Researchers call on entrepreneurs to sue social welfare services

The call was made over the weekend at the Stakeholder Dissemination Workshop in Dar es Salaam where a team of researchers from Mzumbe University led by Dr Godbertha Kinyondo met with a group of over 70 micro-entrepreneurs from Magomeni, Mburahati, Ndugombi, Tandale and Manzese. neighborhoods.

The recommendation is the result of research conducted by Mzumbe University in collaboration with the University of Nairobi and Roskilde University in Denmark from 2017 to 2020/2021 in Tanzania and Kenya. It was funded by the Danish International Development Agency (DANIDA).

The “Informal Sector and Social Protection” research focused on informal sector workers in construction, transport and micro-entrepreneurs in the cities of Dar es Salaam, Dodoma, Nairobi and Kisumu as a case study .

“Members of the informal sector should not hesitate to access these services. Many think it’s difficult and that these services don’t meet their needs… that’s a misperception,” Dr Kinyondo said.

She said many pension funds have innovative ways of accommodating micro-entrepreneurs through specialized schemes.

A total of 250 commuter bus workers and 158 motorcycle drivers participated in the study in Tanzania. 212 construction workers were involved in Dar es Salaam and Dodoma. A survey of 200 informal transport workers was undertaken in Kenya.

The research revealed that the majority of them 82 percent are not registered with social insurance. Moreover, although they are aware of the existence of such services, they do not think they can benefit from them. But they also complain about bureaucracy and the lack of adequate services for those who have access to them.

By comparison, 34% of workers in Kenya were enrolled in social insurance schemes/pension funds, while in Tanzania only 18% were enrolled.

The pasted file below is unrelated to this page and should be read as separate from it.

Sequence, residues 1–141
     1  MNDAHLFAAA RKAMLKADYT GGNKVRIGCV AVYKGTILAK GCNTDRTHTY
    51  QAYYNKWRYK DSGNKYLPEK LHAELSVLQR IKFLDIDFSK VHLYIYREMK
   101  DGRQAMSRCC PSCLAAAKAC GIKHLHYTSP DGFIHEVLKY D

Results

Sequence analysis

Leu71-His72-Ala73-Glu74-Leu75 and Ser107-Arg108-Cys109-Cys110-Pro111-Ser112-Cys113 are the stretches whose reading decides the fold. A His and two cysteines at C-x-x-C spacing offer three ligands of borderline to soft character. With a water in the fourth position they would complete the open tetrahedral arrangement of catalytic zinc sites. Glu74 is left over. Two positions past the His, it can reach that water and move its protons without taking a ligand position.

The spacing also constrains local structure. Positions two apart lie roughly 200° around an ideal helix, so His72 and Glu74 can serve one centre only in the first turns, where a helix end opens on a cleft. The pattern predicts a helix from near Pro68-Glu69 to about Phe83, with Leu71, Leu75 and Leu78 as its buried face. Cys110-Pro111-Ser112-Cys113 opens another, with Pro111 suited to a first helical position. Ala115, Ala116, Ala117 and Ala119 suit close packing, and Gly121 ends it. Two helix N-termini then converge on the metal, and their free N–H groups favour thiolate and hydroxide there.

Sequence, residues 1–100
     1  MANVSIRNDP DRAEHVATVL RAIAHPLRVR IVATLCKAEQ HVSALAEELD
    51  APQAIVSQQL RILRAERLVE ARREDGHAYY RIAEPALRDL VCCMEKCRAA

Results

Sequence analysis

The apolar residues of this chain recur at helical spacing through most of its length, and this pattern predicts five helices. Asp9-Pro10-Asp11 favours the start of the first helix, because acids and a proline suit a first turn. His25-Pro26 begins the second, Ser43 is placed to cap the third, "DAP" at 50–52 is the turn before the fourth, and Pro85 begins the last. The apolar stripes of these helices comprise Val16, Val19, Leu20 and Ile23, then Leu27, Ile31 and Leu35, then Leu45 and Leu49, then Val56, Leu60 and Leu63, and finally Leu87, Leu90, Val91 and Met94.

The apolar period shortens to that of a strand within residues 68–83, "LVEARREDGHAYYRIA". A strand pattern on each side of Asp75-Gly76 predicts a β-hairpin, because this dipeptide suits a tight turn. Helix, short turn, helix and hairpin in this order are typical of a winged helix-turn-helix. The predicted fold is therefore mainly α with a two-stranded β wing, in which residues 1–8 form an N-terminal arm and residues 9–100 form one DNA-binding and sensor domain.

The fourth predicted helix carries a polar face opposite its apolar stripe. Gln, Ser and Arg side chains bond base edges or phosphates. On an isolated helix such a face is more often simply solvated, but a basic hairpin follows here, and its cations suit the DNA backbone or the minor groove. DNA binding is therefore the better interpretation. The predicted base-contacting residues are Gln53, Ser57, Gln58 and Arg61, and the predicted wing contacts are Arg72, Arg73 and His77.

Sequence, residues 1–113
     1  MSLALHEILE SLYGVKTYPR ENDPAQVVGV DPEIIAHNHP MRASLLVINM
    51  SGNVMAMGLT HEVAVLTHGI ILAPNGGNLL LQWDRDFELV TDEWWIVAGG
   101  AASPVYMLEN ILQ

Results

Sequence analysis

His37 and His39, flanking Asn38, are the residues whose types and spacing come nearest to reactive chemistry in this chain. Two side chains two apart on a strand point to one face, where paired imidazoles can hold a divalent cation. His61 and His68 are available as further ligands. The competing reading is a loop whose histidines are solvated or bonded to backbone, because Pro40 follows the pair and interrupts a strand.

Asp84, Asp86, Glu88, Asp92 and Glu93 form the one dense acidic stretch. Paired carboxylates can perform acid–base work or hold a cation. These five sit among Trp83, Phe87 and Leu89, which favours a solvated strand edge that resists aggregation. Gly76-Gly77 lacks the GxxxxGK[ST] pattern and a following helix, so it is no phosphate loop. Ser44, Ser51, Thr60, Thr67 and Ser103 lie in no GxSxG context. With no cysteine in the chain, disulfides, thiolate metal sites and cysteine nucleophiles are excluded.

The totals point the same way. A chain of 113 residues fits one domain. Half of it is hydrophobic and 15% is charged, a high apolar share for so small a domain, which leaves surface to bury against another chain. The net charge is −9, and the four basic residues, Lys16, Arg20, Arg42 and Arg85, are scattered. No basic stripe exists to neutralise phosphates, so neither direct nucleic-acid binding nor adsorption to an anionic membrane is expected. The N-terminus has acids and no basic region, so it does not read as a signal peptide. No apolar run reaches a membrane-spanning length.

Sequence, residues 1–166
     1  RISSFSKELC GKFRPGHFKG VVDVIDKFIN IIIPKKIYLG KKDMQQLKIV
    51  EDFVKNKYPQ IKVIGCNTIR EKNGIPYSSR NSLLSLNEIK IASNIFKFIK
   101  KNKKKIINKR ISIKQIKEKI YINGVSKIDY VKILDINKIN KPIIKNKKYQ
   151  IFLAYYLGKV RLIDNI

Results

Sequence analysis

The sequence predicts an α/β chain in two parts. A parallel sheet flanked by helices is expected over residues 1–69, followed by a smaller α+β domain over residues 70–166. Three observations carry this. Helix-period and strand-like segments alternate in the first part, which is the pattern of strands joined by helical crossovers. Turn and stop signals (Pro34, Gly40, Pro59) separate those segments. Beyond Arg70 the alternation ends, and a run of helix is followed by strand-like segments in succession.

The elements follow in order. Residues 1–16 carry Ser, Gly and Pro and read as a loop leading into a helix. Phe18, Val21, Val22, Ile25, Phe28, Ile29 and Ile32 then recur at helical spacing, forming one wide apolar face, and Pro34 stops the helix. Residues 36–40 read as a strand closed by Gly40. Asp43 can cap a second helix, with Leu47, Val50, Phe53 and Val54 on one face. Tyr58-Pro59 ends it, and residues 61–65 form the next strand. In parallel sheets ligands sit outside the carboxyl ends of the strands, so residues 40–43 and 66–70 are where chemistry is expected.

“We are here to tell them that they can access and benefit from these services,” said Dr Kinyondo.

As part of ongoing outreach and research deliverables, the Mzumbe University team also created reflective coats with a list of pension funds, health insurance bodies and financial institutions with their respective contacts displayed on the back of the coats.

  1. intends to distribute the coats to more than 1,000 members of the informal sector, mainly in Dar es Salaam and Dodoma regions. Over 300 coats have already been distributed.

In the past, researchers have encountered “bodaboda” bikers and commuter buses or commonly known as “daladala” drivers and drivers. They plan to meet construction workers in similar broadcast workshops.

According to Dr. Kinyondo, Mzumbe University strives to implement its research for the benefit of the country.

“It’s not just about publishing research papers. We would like to have a real impact for the greater benefit of all,” she said.

Dr. Aloyce Gervas of the same university said the research aimed to find out whether members of the studied sectors are pensionable, whether they have health insurance, whether they receive regular training to improve their services and products and whether there is an institutional system to support these groups.

The research also involved stakeholders such as police forces, pension funds and the Vocational Education Training Authority (VETA), among others.

Asha Omari Hassan, a small businesswoman from Mburahati market, thanked Mzumbe University for enlightening entrepreneurs about the services they can get from different pension funds in Tanzania. “I was in the dark…but now I’m enlightened,” Asha said.

Amani Mwinyimvua, Deputy General Secretary of the Tanzania Road Transport Workers Union (TAROTU) urged union members to take advantage of networking with other stakeholders with the aim of learning and taking advantage of opportunities.

He said: “It is through such engagements that researchers and policy makers learn about our challenges, study them and solve them.”

Some of the notable outcomes of the four-year research are the publication of the book “Social Protection and Informal Workers in Sub-Saharan Africa: Lived Realities and Associational Experiences from Tanzania and Kenya” and the production of two PhDs, one in each county .

Joel C. Hicks